We each had a job or two, and mine was dusting. The smell of Lemon Pledge can take me back there, to my childhood, in an instant. My mom Pledged the crap out of every piece of furniture we owned, pretty much daily, and the church got a good weekly dose as well. We had to dust all the pews. There were a lot of pews, especially if you counted the main sanctuary plus the chapel, and then there were two large, formal sitting rooms filled with big antique furniture with lots of scrolls and nooks and crannies. A duster’s dream. Or nightmare, depending on how you look at it. It just so happens that I like to dust. (And you be quiet, Mr. Mediocrity.)

There was also a grand piano in one of those rooms, with a large photo of a couple hanging in an oval frame above it. I have no idea who the people in the photo were, but I do know for a fact that their eyes would follow you wherever you went. Sometimes we made a game out of that, moving to every possible location to see if they were still staring us down (they always were), but other times, when I was alone in the room, it would really creep me out.

There were a lot of creepy places in this labyrinth of a building, lots of hidden rooms and dark corridors. The organ pipe room was the stuff of Saturday afternoon horror shows, but the creepiest place of all was The Tunnels. Down in the basement, way in the back of the boiler room, was a door that was always locked. Behind that door was a series of tunnels leading I don’t know exactly where, lined with stone slabs. It looked more like catacombs than anything, the kind of place you would expect to find old skeletons. The story went that it had been part of the Underground Railroad, and the slabs were used for sleeping and hiding out. That always shut the four of us up for a little while.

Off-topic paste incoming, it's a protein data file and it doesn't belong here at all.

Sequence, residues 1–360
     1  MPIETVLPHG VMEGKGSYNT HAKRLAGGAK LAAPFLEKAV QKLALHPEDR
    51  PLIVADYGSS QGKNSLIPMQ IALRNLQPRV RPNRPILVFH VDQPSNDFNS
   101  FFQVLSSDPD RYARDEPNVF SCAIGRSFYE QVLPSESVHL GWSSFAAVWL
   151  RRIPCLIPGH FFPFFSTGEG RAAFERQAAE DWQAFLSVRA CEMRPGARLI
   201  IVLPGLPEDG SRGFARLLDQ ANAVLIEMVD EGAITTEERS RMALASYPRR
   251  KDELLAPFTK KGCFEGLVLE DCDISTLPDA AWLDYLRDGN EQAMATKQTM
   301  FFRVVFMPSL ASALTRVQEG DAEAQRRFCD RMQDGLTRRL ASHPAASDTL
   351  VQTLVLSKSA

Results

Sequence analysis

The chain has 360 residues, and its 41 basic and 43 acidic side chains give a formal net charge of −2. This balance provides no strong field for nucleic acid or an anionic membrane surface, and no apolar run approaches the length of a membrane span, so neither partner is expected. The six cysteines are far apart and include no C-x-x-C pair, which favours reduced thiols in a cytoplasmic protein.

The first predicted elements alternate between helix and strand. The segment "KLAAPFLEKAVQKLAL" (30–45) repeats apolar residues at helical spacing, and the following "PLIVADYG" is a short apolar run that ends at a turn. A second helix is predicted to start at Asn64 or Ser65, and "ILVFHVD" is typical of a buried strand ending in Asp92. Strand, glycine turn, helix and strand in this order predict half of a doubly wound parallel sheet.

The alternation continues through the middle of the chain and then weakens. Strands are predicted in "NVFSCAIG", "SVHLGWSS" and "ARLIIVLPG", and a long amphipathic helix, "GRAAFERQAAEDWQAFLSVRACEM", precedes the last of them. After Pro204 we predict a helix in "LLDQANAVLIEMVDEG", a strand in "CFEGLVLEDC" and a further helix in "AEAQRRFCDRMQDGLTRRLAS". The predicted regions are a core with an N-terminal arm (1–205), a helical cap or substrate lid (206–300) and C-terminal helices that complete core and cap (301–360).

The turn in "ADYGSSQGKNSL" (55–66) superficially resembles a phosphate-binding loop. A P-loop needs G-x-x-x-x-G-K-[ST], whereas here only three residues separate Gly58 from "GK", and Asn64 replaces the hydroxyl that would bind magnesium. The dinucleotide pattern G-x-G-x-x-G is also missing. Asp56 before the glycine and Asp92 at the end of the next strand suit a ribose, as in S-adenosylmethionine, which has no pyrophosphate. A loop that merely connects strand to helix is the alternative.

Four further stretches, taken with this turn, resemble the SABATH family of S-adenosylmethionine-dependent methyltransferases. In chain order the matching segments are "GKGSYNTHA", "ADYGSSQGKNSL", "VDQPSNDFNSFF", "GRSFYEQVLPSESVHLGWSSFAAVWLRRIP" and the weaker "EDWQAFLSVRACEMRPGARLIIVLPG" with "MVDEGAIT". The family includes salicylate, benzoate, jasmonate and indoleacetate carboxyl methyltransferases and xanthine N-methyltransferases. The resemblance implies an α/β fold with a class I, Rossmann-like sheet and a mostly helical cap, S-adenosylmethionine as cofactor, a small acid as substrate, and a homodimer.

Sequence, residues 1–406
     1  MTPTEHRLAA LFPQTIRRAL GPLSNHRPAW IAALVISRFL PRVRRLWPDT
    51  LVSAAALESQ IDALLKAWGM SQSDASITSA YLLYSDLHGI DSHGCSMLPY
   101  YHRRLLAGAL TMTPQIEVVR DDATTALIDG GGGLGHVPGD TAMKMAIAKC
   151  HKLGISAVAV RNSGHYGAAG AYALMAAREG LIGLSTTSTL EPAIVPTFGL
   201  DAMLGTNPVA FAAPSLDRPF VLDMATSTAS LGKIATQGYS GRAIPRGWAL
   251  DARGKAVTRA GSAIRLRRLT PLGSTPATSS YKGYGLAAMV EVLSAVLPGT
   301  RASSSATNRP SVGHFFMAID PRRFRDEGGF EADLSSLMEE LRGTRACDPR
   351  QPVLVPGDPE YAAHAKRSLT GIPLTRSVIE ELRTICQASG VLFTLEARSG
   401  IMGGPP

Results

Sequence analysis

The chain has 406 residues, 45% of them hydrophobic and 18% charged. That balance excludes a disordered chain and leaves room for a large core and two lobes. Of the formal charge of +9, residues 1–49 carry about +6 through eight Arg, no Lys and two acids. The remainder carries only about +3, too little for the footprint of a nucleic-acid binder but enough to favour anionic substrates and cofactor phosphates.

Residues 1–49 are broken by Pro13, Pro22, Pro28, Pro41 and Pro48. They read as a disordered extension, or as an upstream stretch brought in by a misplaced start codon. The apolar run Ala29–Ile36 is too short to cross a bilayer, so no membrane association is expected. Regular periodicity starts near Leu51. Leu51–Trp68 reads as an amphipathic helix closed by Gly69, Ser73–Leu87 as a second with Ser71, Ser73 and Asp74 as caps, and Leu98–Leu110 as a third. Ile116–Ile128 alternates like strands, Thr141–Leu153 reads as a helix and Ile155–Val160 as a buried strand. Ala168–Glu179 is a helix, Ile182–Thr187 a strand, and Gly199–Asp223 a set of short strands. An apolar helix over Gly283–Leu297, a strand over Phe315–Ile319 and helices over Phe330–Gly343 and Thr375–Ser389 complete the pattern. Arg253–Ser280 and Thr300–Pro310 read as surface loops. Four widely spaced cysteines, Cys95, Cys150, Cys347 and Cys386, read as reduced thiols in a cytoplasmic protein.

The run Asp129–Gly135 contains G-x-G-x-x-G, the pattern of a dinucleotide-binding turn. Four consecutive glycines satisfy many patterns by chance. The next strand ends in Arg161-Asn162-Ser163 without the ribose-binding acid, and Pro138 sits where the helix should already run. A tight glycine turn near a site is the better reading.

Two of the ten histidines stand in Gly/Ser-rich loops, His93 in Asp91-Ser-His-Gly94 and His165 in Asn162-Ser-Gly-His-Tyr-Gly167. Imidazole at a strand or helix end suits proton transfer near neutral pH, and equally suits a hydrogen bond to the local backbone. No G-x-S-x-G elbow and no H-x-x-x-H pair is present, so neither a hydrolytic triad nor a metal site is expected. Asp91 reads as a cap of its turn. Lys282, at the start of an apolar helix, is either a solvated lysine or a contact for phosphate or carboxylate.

And there was the bell tower. We didn’t go up there often, though I think my dad went every Sunday morning to ring the bell. But he took us up there sometimes on Saturdays if we pestered him enough, though none of us had enough weight to actually budge the thing. That bell was heavy. Still, we had fun trying.

Later, years later, my parents finally decided to retire from the church cleaning job, and my uncle took it over. And then he hired me to work with him for four hours every Saturday, for $60 a month. You can laugh, but back then that was pretty good pay for about 16 hours of work, especially for someone who wasn’t yet 16. By the time I did turn 16, it was time to find a “real” job to pay for the gas I needed to put into my 1967 Chevy Impala, a car big enough for eight people, a car I paid $200 for.

But I still look back on those church cleaning days with fondness. When you clean a place, care for it, it becomes yours, a little. And for a while, that church was ours.

I haven’t been back there in a very long time. But that’s okay, I visit in my memory, often.

And there is a story about a mouse, but it’s a sad one.

I’ll just leave it at that.




this post is part of the scintilla project. see more here.